Myopia, more commonly known as nearsightedness, is a refractive error that often develops during childhood. Its hallmark symptom is having difficulties seeing clearly from afar, while close-range visual acuity remains sharp. While using prescription eyewear is the most common way to manage this problem, applying atropine eye drops is another proven myopia control option.
Here’s how it works:
How Myopia Happens
You may become nearsighted when your eyes are too long. This causes the light rays that enter your eyes to incorrectly fall in front of the retina, the light-sensitive tissue at the back of your eyes. Although experts are not sure how this anatomical irregularity happens, some studies suggest that reading, sewing and doing other close work for long hours may affect its development. This habit overuses your eyes’ accommodation skills that may result in stretching of your eyes.
How Atropine Helps Control Myopia Progression
Atropine is an anticholinergic substance, which means applying it to your eyes dilates your pupils and paralyzes the accommodation process. Your eyes won’t be able to focus for some time, preventing your eyes from stretching too much. Your eye doctor shares that this method is effective in stabilizing myopia symptoms, especially among children.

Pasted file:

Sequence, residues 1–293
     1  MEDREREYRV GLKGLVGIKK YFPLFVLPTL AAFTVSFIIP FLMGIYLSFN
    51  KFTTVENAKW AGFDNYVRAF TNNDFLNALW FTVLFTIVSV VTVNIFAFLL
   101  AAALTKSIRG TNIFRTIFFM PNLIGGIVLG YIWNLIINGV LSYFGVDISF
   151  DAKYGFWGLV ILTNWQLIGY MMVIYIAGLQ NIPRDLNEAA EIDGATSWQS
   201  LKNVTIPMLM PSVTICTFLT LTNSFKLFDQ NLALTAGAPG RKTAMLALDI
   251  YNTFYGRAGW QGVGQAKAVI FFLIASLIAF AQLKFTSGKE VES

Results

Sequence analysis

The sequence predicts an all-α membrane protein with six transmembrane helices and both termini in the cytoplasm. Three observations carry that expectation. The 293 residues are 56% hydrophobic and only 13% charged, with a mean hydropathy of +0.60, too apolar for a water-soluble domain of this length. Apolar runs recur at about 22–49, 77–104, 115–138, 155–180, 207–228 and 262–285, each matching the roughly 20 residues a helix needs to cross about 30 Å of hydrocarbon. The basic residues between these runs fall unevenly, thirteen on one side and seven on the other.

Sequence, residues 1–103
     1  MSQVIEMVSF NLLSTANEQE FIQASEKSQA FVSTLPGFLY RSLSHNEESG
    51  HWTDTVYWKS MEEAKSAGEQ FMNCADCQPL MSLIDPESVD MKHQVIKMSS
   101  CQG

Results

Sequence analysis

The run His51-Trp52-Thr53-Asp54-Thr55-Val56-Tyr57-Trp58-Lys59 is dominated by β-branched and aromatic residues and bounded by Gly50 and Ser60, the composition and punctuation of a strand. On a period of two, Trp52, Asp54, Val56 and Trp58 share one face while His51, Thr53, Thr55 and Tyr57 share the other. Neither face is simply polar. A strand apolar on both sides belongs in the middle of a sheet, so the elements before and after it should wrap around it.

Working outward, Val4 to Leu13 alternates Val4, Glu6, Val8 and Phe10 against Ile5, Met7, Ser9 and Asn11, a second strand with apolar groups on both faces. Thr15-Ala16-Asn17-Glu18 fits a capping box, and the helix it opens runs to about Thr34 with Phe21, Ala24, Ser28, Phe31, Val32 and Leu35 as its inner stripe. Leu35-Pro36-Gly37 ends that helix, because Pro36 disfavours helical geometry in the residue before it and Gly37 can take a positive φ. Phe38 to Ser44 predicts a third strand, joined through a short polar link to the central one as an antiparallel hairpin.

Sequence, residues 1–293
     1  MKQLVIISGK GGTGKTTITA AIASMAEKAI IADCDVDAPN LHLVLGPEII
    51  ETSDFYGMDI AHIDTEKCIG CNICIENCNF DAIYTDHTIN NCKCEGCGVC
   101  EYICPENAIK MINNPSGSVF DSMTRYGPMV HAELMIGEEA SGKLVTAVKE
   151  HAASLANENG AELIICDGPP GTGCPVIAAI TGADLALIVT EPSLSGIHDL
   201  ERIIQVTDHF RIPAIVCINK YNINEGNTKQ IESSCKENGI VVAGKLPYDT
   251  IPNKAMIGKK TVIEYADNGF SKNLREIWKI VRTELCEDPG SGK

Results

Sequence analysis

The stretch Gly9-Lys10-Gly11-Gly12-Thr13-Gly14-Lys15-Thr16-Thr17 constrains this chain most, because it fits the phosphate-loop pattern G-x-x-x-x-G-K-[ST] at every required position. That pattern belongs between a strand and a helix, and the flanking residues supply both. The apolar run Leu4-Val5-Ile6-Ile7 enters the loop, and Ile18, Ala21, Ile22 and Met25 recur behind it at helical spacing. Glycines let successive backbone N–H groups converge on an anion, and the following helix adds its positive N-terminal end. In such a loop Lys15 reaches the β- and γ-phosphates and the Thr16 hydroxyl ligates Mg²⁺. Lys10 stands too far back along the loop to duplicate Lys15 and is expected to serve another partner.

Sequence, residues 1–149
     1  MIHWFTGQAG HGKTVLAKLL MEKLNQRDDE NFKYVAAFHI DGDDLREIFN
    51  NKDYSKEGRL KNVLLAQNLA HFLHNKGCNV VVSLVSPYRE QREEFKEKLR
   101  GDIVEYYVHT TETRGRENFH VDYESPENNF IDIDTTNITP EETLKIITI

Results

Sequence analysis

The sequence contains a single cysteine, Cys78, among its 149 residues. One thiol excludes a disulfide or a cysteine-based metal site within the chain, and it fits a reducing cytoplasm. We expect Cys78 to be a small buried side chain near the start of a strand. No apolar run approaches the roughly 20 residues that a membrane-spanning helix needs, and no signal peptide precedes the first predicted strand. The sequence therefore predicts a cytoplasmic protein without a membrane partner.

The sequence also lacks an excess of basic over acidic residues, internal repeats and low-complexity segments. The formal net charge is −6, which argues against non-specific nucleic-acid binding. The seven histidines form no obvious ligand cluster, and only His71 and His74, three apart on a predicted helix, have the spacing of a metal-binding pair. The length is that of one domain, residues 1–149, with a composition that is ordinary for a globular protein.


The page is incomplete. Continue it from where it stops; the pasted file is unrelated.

A five-year clinical study in China actually revealed atropine as a reliable myopia control option. The trial included 400 children who were randomly selected. For the length of the research, three different atropine concentrations were applied to their eyes: 0.5%, 0.1% and 0.01%. Findings reveal that kids who received low-dose atropine concentrations showed the least signs of myopia advancement. They also had minimal changes in their axial length, eyeball shape and pupil size.
Other Ways to Manage Myopia
While applying atropine eye drops seem to be a promising way to control myopia progression, your optometrist explains that in-depth research and additional trials are still needed to confirm its success rate. For now, it may be best to use other options to manage this refractive error and improve your far-range visual acuity.
Your eye care specialist may recommend wearing multifocal eyeglasses or soft contact lenses that contain various prescriptions in a single lens, helping you see things at varying distances clearly. Orthokeratology is another good option. The ortho-k lenses are engineered to reshape your cornea as you wear them during the night.
For more information about atropine eye drops as a way to manage myopia, contact a myopia control specialist in your area today.